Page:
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September 8, 2022

How Politics Shapes Climate Policy: Insights for Risk Professionals

Hear from Prof. David Victor and Dr. Danny Cullenward, as we dive into the political forces that mould the climate policy landscape.

Designing climate policies that are effective in achieving climate change mitigation and adaptation is a major challenge.

Most economists argue for a carbon tax, which helps align incentives appropriately. But the costs can be all too visible to consumers, prompting protests and undermining their political acceptability.  Indeed, when it comes to climate policy, you will often find that there is a trade-off between what is effective, and what is realistic.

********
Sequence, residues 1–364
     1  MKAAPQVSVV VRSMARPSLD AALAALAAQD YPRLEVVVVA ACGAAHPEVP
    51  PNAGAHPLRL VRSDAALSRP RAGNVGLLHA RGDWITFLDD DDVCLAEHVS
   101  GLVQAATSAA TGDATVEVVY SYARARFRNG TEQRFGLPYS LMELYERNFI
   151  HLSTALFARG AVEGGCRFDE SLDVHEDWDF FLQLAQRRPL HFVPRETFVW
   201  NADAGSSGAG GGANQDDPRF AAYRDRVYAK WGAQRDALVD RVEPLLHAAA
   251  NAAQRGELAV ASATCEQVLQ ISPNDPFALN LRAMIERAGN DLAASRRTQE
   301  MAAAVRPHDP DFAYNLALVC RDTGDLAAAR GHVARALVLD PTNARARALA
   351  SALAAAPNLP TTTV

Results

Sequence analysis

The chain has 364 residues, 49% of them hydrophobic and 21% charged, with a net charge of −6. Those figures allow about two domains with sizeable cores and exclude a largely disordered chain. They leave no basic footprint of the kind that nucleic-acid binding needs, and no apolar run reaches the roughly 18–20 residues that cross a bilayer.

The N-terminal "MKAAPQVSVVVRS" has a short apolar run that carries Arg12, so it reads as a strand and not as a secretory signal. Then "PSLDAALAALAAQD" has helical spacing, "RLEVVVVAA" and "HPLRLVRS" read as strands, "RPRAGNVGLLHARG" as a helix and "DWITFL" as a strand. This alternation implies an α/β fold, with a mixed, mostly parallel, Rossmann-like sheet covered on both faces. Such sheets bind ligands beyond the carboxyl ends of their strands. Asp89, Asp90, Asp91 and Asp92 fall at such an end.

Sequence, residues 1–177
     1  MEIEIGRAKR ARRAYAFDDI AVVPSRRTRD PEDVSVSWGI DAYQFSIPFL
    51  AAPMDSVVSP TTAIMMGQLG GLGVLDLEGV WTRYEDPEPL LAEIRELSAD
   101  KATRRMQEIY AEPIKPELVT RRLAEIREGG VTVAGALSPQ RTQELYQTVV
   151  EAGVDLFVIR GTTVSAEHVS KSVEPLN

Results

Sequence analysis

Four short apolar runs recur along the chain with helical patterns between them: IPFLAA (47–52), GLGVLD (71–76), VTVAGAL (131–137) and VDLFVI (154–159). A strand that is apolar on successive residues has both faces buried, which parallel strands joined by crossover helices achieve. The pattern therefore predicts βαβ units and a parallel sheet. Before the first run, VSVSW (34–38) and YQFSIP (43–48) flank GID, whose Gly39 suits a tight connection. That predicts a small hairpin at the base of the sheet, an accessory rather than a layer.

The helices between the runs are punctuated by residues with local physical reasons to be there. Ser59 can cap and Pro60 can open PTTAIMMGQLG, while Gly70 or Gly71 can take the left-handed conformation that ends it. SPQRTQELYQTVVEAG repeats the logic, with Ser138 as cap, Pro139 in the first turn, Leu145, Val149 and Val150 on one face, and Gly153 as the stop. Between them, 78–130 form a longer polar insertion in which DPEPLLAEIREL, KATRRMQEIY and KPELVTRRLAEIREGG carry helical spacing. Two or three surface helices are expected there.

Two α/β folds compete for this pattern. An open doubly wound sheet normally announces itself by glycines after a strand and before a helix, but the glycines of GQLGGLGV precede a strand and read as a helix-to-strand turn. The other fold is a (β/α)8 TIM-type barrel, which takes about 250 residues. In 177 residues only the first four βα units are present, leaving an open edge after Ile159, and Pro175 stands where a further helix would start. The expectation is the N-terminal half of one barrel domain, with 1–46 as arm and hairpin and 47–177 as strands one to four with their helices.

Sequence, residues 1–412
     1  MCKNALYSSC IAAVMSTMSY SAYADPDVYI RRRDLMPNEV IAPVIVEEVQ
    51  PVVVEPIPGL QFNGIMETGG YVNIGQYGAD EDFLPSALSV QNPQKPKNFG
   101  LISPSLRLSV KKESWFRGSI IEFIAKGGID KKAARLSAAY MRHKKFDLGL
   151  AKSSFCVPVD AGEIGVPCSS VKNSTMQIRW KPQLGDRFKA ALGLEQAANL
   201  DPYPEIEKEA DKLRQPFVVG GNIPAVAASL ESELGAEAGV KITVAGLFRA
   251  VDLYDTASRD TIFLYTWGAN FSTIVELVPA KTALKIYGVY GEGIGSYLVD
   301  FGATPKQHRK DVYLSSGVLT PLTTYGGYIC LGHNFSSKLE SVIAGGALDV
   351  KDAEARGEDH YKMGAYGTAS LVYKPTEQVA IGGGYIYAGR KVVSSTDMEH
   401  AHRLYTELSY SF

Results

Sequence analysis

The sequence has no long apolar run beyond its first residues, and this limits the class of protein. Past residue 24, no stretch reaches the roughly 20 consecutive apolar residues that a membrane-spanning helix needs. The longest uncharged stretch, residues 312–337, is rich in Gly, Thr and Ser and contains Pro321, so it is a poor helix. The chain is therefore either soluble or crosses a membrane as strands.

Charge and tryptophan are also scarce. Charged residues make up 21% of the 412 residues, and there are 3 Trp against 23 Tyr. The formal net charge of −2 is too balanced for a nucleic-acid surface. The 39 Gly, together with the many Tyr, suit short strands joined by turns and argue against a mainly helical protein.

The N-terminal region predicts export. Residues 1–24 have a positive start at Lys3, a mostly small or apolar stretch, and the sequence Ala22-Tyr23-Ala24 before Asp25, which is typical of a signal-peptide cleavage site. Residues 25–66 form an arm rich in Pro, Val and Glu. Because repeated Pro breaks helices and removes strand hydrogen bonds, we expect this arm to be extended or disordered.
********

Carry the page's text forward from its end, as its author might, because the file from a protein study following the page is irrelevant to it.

Today’s discussion is all about how politics shapes the plausibility and effectiveness of different climate policies. We discuss how the interests of consumers, firms, and political parties play a major role in determining not only what climate policies work best, but which ones are even possible.

In this episode, we explore:

  • Why policies with highly visible costs tend to be avoided by politicians;
  • How politically organized groups can resist the implementation of market-based policies;
  • And the surprizing difference in mitigatory power between market-based and regulatory policies.

Links from today’s discussion:

  • David and Danny’s 2020 book, Making Climate Policy Work
  • The historical, political, and economic phenomenon of Potemkin villages
  • Severin Borenstein et al.’s research paper on the relative mitigatory efficacies of market-based and non-market-based climate policies
  • Martin Weitzman’s research paper on price-based vs. quantity-based policies in the context of emissions uncertainty


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